Ralf HallerRalf Haller October 23, 2008

How to do sales & marketing in the current times?

While all of us are probably still in a state of shock at the mess that has been created, the familiar phrase ” life goes on” still holds true.

I want to write down a few of my current thoughts on how in my opinion ICT firms should react to the situation. Unlike the famous US venture capital firm Sequoia, who invited their portfolio firms’ management in to give a presentation that basically said “put the brakes on and think 2-3 years out”, I think there are better ways to deal with it.

My thoughts assume that you have been able to use the last few years to accumulate cash and can deal with this for some time and are not living from hand to mouth, as you otherwise would have more pressing issues regardless of how the markets look like right now.

In healthy times everybody tries to grow within a certain framework that is given by key resources (budget and people). During these times you compete with everybody trying to maximize the return on sales & marketing spending.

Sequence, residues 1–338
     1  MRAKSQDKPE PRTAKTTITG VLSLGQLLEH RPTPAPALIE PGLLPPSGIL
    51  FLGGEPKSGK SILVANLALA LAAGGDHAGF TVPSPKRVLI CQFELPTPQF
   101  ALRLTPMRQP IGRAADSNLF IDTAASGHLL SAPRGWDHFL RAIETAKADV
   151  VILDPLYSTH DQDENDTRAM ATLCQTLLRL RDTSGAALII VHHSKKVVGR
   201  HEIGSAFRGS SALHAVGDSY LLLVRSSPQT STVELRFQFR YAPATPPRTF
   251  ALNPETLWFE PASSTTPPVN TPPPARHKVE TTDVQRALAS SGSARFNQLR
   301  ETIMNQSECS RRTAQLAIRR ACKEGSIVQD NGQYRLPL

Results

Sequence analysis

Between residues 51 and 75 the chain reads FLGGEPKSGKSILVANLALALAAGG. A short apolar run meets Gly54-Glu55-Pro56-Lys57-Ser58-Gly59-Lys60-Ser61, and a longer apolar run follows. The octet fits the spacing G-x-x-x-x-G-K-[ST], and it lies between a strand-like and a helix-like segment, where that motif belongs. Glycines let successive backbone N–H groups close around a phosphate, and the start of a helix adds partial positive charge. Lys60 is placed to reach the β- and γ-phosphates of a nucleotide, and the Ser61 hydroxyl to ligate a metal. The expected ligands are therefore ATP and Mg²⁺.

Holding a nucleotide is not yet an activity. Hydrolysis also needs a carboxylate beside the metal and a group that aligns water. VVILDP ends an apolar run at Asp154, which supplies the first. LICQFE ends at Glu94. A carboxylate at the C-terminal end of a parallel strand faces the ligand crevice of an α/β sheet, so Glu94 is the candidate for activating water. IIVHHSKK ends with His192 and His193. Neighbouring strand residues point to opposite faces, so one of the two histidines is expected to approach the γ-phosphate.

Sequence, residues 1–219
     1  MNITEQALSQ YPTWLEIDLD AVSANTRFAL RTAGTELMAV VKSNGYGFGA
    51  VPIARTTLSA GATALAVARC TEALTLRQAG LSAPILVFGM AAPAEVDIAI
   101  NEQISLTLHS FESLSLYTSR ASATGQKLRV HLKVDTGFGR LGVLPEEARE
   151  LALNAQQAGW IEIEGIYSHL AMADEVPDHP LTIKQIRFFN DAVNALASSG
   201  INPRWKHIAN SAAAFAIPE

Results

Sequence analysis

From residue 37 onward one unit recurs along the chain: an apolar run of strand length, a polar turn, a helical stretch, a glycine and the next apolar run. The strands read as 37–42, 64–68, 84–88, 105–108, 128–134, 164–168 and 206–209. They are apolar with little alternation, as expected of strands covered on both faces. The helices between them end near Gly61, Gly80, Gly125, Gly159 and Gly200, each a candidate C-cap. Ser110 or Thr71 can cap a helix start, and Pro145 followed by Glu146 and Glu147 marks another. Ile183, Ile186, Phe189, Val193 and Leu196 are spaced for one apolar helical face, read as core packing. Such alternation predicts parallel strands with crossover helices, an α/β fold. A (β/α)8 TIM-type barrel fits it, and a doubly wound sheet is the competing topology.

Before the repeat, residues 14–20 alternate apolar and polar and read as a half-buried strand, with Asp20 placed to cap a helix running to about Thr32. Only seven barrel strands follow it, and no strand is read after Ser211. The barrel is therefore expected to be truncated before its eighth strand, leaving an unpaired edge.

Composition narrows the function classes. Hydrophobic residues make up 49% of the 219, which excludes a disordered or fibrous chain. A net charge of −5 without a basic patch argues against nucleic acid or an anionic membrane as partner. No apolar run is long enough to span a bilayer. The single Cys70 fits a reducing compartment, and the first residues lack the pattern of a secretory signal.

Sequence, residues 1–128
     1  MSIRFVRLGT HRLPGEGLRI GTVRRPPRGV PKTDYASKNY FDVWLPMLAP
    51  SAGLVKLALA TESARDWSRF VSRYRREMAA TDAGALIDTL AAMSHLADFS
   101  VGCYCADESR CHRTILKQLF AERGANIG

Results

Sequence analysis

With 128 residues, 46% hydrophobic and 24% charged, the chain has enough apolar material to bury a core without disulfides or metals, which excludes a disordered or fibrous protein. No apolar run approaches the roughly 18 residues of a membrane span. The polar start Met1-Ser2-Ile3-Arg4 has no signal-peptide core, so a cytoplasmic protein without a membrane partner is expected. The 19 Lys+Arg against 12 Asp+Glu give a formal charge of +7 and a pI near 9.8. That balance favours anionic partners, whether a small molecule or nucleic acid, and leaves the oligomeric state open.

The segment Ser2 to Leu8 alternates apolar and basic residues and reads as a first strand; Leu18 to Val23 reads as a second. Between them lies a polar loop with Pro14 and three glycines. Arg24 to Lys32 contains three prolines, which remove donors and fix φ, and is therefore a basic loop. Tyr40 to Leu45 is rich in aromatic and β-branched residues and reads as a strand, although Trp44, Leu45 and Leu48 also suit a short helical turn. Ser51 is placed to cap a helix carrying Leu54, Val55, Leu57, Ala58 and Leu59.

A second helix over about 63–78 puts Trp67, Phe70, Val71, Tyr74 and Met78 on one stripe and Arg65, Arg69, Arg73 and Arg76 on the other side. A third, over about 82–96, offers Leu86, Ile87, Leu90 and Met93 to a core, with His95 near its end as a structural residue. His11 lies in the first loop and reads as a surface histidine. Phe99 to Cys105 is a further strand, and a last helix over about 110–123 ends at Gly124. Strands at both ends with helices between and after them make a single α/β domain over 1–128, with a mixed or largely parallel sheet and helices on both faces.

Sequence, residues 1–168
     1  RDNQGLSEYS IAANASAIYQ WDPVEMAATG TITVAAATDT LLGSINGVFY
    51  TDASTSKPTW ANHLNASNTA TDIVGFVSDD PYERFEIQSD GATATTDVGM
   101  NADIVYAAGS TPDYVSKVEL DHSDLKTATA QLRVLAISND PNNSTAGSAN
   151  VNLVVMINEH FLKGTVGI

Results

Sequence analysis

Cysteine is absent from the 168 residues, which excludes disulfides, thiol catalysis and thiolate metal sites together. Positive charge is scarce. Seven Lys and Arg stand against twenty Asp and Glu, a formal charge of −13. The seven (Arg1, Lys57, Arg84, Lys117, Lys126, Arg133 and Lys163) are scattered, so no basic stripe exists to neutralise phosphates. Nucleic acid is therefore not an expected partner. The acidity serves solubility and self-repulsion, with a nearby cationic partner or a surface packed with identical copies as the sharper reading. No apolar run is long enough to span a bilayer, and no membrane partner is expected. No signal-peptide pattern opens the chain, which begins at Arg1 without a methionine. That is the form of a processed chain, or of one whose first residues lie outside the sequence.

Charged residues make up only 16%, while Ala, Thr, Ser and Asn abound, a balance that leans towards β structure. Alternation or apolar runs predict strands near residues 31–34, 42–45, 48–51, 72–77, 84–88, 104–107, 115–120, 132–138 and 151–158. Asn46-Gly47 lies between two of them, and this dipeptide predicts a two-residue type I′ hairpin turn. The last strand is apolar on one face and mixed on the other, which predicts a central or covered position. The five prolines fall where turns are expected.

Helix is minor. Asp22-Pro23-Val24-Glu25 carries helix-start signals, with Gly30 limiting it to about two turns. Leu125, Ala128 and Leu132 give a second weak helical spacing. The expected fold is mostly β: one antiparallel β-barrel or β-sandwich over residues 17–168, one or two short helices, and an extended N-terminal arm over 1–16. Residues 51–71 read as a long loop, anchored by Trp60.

Now when a lot of other companies start to put the brakes on you have a unique chance to stick your head out by simply not cutting down on sales & marketing, as you will get more traction than ever before. Historically, during recessions, very successful companies who think this way have taken the opportunity to build market share while their competitors are only thinking about survival.

As mentioned above, life will go on and there will be times ahead when the financial mess is no longer on the cover pages. If you have kept sales & marketing going up until then, you will without doubt be in a better position when the market rebounds than others who slowed things down. Clients are built over long periods in B2B business. Keeping in contact with them even if they might be ordering little or nothing gives you lasting credibility. Nothing is hated more about sales & marketing than opportunistic short-term thinking – something that btw brought us into this mess in the first place – but that is a different subject that will be taken care of I think now too.

Perception is key, as we see also in the stock market yo-yo game right now. If you give the perception that things are going on as usual by keeping your company’s client interface unchanged then you will give the best possible impression.

If cuts are inevitable then don’t make them where they are most visible to your clients, which is your sales & marketing department. It’s found over and over again that big multinationals in particular that are quick to cut down on sales & marketing, and equally in customer support, keep going down the death spiral.

Now I am of course biased, you might comment quite correctly. Still there will be a few companies that will follow my advice and enjoy a better position than ever before in only a few years from now! A market research we found too on this topic.